Safety and Homing of Human Dental Pulp Stromal Cells in Head and Neck Cancer

Greet Merckx, Melissa Lo Monaco, Ivo Lambrichts, Uwe Himmelreich, Annelies Bronckaers, Esther Wolfs

Research output: Contribution to journalArticlepeer-review


Background: Head and neck cancer (HNC) is one of the most common cancers, associated with a huge mortality and morbidity. In order to improve patient outcomes, more efficient and targeted therapies are essential. Bone marrow-derived mesenchymal stromal cells (BM-MSCs) express tumour homing capacity, which could be exploited to target anti-cancer drug delivery to the tumour region and reduce adverse side-effects. Nevertheless, dental pulp stromal cells (DPSCs), an MSC-like population present in teeth, could offer important clinical benefits because of their easy isolation and superior proliferation compared to BM-MSCs. Therefore, we aimed to elucidate the tumour homing and safe usage of DPSCs to treat HNC. Methods: The in vivo survival as well as the effect of intratumourally administered DPSCs on tumour aggressiveness was tested in a HNC xenograft mouse model by using bioluminescence imaging (BLI), (immuno)histology and qRT-PCR. Furthermore, the in vitro and in vivo tumour homing capacity of DPSCs towards a HNC cell line were evaluated by a transwell migration assay and BLI, respectively. Results: Intratumourally injected DPSCs survived for at least two weeks in the tumour micro-environment and had no significant influence on tumour morphology, growth, angiogenesis and epithelial-to-mesenchymal transition. In addition, DPSCs migrated towards tumour cells in vitro, which could not be confirmed after their in vivo intravenous, intraperitoneal or peritumoural injection under the tested experimental conditions. Conclusions: Our research suggests that intratumourally delivered DPSCs might be used as safe factories for the continuous delivery of anti-cancer drugs in HNC. Nevertheless, further optimization as well as efficacy studies are necessary to understand and improve in vivo tumour homing and determine the optimal experimental set-up of stem cell-based cancer therapies, including dosing and timing. Graphical abstract: [Figure not available: see fulltext.]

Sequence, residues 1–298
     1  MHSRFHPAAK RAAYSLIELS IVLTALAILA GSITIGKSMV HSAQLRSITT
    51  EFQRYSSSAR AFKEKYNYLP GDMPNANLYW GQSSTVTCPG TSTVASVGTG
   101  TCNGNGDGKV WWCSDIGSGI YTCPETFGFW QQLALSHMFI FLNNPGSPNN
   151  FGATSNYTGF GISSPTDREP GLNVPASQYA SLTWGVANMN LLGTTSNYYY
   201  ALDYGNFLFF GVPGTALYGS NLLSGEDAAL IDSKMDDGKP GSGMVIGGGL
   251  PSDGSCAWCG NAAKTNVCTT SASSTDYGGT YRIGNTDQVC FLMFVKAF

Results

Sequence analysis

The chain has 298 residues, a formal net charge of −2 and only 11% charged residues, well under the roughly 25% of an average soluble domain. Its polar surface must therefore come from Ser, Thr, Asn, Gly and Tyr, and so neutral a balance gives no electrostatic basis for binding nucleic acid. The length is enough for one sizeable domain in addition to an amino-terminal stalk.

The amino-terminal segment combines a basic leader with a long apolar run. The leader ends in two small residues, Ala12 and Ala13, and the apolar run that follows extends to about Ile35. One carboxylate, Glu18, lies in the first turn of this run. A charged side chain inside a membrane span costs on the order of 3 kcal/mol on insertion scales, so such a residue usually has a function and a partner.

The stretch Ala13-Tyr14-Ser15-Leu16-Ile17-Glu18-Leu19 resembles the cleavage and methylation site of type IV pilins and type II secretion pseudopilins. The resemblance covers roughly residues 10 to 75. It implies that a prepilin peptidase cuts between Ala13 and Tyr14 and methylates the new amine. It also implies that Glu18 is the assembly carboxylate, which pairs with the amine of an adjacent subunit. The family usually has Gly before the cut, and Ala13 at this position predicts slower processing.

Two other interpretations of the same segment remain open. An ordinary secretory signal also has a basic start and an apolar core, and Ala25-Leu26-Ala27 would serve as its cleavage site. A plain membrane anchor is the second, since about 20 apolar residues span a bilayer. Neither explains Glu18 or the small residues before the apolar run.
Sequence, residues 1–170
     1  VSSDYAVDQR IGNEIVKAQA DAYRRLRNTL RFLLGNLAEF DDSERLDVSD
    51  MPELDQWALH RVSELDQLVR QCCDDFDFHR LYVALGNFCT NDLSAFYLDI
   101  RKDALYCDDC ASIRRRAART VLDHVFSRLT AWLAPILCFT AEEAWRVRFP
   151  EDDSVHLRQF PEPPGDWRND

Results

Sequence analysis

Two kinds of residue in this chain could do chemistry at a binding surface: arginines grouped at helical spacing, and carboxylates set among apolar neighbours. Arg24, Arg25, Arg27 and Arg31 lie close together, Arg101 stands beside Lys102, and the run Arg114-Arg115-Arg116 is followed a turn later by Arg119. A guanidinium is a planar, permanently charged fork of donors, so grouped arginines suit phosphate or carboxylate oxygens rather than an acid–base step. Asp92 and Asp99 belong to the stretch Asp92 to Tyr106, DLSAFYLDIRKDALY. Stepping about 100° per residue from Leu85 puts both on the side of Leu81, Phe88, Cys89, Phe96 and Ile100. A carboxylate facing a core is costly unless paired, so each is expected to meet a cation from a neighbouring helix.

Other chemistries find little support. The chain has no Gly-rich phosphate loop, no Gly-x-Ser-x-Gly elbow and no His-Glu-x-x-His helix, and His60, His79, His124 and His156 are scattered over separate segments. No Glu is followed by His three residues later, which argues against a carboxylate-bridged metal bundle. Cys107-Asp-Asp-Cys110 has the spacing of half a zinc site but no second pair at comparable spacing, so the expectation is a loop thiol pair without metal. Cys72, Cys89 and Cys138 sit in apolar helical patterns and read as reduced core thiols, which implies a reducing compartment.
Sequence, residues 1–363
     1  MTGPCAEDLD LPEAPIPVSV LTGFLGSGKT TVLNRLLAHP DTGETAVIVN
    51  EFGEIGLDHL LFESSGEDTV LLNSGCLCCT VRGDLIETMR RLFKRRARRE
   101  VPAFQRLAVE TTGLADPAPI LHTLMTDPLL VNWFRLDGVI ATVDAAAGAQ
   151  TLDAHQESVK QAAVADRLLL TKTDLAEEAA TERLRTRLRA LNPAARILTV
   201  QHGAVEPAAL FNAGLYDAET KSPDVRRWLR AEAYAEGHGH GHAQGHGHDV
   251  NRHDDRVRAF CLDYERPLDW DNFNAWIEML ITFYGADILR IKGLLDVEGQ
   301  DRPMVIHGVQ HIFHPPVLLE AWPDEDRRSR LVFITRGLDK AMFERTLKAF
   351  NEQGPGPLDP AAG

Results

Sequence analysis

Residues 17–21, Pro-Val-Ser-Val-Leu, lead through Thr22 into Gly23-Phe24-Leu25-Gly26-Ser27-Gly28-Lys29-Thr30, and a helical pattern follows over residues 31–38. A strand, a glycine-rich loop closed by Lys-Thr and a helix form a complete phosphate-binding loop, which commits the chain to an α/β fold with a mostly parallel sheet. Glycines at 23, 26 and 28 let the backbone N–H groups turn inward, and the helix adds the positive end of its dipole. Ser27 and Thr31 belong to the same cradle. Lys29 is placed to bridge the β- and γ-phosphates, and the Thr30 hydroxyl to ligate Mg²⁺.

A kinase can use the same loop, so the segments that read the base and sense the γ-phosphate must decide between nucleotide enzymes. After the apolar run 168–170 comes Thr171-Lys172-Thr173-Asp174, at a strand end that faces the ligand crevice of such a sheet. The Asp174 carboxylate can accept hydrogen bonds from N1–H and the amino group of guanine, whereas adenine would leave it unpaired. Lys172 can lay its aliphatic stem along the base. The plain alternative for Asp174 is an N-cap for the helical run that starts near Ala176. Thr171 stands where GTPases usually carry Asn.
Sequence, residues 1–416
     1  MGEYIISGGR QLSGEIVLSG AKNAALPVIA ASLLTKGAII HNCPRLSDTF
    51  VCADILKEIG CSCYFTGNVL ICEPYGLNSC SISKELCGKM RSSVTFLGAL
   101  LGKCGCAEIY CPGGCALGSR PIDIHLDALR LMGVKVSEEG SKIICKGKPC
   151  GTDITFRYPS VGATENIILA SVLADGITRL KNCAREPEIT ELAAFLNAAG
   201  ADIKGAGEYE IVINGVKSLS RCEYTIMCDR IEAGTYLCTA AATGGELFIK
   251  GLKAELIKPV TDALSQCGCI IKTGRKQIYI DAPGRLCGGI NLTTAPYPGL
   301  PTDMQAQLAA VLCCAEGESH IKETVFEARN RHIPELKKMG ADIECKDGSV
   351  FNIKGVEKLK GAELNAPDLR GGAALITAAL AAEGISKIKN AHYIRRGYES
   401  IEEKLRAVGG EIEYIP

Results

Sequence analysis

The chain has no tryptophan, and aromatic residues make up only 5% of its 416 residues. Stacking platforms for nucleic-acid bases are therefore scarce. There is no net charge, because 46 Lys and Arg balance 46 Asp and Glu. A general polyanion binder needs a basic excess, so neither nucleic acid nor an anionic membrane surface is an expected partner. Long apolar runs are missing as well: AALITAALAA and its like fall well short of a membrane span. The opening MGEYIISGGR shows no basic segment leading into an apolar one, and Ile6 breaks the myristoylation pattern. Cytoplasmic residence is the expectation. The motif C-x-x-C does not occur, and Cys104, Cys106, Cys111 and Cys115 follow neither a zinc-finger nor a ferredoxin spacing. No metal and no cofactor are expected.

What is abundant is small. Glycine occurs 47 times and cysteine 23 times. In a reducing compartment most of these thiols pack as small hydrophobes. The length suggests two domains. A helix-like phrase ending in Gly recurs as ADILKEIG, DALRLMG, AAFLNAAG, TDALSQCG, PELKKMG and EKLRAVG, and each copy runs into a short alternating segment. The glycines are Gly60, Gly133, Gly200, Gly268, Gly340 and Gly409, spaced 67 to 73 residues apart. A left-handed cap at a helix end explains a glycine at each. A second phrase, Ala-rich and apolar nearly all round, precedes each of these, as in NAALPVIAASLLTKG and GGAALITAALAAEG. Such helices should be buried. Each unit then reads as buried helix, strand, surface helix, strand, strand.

Original languageEnglish
Pages (from-to)1619-1634
Number of pages16
JournalStem Cell Reviews and Reports
Issue number5
Publication statusPublished - Oct 2021


  • Angiogenesis
  • Cell survival
  • Epithelial-to-mesenchymal transition
  • Head and neck cancer
  • Human dental pulp stromal cells
  • Tumour homing
  • Xenograft mouse model


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